In addition, Kelly Shackelford, president and CEO of First Liberty, is a personal friend of Paxton’s whom the attorney general credits with inspiring his political career. Shackelford recently donated $1,000 as a “personal gift” to Paxton’s legal defense fund as the attorney general faces multiple felony charges for securities fraud, according to The Dallas Morning News.

“It is our sincere hope that the … Attorney General will issue an objective opinion on the current state of the law, despite its recent hiring of two attorneys from First Liberty,” Freedom from Religion wrote in a brief to Paxton’s office. “First Liberty, of course, defended Judge Mack’s courtroom prayer practice before the State Commission on Judicial Conduct. The conflict of interest here should be apparent.”

A spokesman for Paxton’s office declined to comment, saying the attorney general’s opinion – which affirmed the constitutionality of courtroom prayer and Mack’s volunteer chaplain program – speaks for itself.

Chelsey Youman, chief of staff for First Liberty, brushed off concerns that Paxton’s office couldn’t be impartial. She called Paxton’s opinion “a resounding victory” that “paves the way for other judges at different levels of court in Texas to open with an invocation.”

Next week, Paxton is scheduled to speak at a Baptist church on behalf of Project 75, an initiative to encourage Christians to vote according to a biblical worldview. Also speaking will be Michael Berry, a senior counsel at the First Liberty Institute.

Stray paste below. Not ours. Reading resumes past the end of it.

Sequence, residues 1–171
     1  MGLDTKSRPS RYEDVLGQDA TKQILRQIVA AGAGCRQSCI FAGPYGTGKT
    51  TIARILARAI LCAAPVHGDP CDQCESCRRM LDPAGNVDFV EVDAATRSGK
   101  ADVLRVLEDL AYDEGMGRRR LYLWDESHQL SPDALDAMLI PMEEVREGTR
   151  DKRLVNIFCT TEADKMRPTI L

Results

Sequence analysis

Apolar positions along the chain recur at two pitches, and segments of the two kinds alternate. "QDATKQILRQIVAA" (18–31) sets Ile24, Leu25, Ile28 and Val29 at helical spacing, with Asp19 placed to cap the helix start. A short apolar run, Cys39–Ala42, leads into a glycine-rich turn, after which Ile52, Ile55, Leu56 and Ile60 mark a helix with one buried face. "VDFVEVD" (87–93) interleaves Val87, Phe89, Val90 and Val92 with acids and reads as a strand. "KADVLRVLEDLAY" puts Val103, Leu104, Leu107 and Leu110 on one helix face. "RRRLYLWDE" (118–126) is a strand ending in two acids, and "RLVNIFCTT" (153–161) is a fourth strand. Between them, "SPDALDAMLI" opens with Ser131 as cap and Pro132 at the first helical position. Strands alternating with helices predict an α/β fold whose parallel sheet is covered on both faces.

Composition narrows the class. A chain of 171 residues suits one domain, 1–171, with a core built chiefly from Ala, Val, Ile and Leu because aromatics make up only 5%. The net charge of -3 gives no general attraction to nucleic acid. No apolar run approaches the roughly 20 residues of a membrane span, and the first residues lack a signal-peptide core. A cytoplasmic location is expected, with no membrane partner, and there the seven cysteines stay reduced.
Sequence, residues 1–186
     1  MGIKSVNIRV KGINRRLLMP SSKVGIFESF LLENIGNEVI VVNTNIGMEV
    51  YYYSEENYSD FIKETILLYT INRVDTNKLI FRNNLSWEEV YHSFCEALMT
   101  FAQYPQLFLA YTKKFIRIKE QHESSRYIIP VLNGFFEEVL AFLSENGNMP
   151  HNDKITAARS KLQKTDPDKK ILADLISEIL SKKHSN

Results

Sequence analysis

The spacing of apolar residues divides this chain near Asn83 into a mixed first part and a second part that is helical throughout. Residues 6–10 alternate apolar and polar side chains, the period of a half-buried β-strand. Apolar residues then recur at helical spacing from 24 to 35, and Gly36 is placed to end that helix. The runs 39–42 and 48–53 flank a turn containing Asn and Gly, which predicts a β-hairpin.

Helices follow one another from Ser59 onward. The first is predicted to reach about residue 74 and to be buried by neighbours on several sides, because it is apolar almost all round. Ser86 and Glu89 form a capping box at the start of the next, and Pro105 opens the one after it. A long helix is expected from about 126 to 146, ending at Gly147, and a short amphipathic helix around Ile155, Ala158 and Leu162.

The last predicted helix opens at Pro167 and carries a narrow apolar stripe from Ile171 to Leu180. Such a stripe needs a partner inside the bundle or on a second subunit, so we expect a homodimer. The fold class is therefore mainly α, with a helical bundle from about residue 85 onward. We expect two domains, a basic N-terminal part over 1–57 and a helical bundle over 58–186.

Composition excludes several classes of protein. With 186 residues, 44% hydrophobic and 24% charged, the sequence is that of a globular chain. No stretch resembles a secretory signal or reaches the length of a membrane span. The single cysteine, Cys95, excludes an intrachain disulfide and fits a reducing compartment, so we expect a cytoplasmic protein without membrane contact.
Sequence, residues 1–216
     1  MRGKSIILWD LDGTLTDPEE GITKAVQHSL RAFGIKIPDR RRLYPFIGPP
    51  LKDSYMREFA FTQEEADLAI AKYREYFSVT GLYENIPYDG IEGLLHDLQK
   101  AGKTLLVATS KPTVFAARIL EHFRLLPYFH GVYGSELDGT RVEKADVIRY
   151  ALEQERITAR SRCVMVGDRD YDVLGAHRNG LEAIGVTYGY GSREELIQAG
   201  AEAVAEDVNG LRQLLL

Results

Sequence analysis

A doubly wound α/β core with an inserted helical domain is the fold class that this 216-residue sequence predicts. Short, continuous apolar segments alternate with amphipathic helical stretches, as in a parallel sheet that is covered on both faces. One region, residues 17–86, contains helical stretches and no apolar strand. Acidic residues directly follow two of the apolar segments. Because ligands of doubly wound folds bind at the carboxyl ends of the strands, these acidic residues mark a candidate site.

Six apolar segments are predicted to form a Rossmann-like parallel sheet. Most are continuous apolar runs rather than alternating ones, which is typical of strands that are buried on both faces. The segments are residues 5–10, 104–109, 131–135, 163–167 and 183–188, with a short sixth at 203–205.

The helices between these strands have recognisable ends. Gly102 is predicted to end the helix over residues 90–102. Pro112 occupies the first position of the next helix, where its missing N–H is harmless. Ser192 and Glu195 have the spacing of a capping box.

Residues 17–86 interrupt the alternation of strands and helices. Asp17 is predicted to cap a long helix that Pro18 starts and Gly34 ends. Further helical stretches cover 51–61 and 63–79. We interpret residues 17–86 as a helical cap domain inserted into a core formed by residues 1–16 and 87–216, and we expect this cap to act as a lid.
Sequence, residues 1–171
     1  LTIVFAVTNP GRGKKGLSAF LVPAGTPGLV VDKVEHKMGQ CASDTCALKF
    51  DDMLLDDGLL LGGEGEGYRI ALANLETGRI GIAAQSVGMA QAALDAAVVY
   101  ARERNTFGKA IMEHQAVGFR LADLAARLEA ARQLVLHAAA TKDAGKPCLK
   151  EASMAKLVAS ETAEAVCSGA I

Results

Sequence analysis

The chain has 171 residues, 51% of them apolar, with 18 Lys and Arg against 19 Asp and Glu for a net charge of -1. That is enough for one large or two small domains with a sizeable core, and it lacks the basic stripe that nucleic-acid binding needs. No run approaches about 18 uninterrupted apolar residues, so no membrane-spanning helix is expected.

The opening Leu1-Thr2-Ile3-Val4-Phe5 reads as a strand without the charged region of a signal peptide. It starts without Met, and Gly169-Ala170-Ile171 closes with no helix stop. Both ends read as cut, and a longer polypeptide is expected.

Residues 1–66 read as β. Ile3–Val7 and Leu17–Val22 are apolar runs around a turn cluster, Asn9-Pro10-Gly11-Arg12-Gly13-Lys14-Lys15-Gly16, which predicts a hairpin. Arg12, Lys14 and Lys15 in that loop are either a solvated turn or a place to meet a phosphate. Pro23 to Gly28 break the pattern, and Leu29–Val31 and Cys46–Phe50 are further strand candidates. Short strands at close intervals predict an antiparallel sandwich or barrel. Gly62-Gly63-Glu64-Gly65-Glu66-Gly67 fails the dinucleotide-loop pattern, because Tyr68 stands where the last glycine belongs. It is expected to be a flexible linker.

Amy Julia Harris can be reached at aharris@cironline.org. Follow her on Twitter: @amyjharris.

Amy Julia Harris

Amy Julia Harris is a reporter for Reveal, covering vulnerable communities. She and Reveal reporter Shoshana Walter exposed how courts across the country are sending defendants to rehabs that are little more than lucrative work camps for private industry. Their work was a finalist for the 2018 Pulitzer Prize in national reporting and won a Sigma Delta Chi Award for investigative reporting from the Society of Professional Journalists. It also led to four government investigations, including two criminal probes and four federal class-action lawsuits alleging slavery and fraud.

Harris was a Livingston Award for Young Journalists finalist for her investigation into the lack of government oversight of religious-based day cares, which led to tragedies for children in Alabama and elsewhere. In a previous project for Reveal, she uncovered widespread squalor in a public housing complex in the San Francisco Bay Area and traced it back to mismanagement and fraud in the troubled public housing agency.

Before joining Reveal, Harris was an education reporter at The Charleston Gazette in West Virginia. She has also written for The Seattle Times, Half Moon Bay Review, and Campaigns and Elections Politics Magazine.